White House hasn't announced the trip but US Federal Aviation Administration has advised pilots of a presidential visit to El Paso, Texas, and Dayton, Ohio following weekend shootings that left 29 people dead and dozens wounded.

From left, Melody Stout, Hannah Payan, Aaliyah Alba, Sherie Gramlich, and Laura Barrios comfort each other during a vigil for victims of the shooting Saturday, August 3, 2019, in El Paso, Texas.
From left, Melody Stout, Hannah Payan, Aaliyah Alba, Sherie Gramlich, and Laura Barrios comfort each other during a vigil for victims of the shooting Saturday, August 3, 2019, in El Paso, Texas. (John Locher / AP)

US President Donald Trump will visit El Paso, Texas, on Wednesday following a mass shooting in the southern border town that killed 22 people, the local mayor said.

"President Trump called me yesterday. He was very gracious in the call... (and) offered to help in any way he could," Dee Margo told a news conference on Monday.

"He is coming out here on Wednesday."

Trump has been accused by his opponents of helping to stir up resentment against ethnic minority groups with his divisive rhetoric, and some locals in El Paso –– which has a mainly Hispanic population –– have said that the president would not be welcome.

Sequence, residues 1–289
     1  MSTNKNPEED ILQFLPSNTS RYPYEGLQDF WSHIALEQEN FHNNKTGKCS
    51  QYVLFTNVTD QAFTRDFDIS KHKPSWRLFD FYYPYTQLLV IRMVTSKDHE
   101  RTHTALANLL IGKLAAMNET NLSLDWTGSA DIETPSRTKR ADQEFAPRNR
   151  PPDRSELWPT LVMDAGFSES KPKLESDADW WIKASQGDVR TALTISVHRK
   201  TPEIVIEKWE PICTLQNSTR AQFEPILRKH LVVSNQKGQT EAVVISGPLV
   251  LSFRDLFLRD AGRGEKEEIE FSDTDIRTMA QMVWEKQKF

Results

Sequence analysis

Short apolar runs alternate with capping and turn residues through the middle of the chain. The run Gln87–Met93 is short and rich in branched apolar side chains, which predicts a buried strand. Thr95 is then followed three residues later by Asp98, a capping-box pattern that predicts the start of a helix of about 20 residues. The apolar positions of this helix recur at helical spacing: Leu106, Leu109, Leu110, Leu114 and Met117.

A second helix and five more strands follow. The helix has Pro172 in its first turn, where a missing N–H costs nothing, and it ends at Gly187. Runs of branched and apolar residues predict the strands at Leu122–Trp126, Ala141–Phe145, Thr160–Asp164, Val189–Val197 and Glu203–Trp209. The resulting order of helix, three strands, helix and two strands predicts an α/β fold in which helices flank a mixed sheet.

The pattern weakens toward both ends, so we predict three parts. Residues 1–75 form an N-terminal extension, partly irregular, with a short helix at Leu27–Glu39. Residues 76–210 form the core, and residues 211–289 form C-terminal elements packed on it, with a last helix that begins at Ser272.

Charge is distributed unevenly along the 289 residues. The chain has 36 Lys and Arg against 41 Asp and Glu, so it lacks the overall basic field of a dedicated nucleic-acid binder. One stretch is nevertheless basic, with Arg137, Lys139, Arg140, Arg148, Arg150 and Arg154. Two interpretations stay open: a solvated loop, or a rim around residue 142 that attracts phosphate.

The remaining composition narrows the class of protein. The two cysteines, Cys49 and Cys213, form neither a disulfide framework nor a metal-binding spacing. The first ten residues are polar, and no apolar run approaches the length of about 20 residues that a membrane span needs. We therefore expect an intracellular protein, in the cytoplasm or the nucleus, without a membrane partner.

But Margo, who is a member of Trump's Republican party and has been a vocal supporter of the president, defended the prospect of his visit.

The White House hasn't announced the trip but the Federal Aviation Administration has advised pilots of a presidential visit that day to El Paso and Dayton, where a second-weekend shooting left nine people dead.

Stronger gun checks

Trump on Monday condemned weekend shootings in Texas and Ohio as barbaric crimes "against all humanity" and called for bipartisan cooperation to respond to an epidemic of gun violence.

Trump said he wants legislation providing "strong background checks" for gun users, but he provided scant details and has reneged on previous promises after mass shootings.

"We vow to act with urgent resolve," Trump said on Monday.

Both shooting suspects were US citizens, and federal officials are investigating anti-immigrant bias as a potential motive for the El Paso, Texas massacre.

"In one voice, our nation must condemn racism, bigotry and white supremacy," Trump said, adding that he had directed the FBI to examine steps to identify and address domestic terrorism. 

"These sinister ideologies must be defeated. Hate has no place in America."

Source: TRTWorld and agencies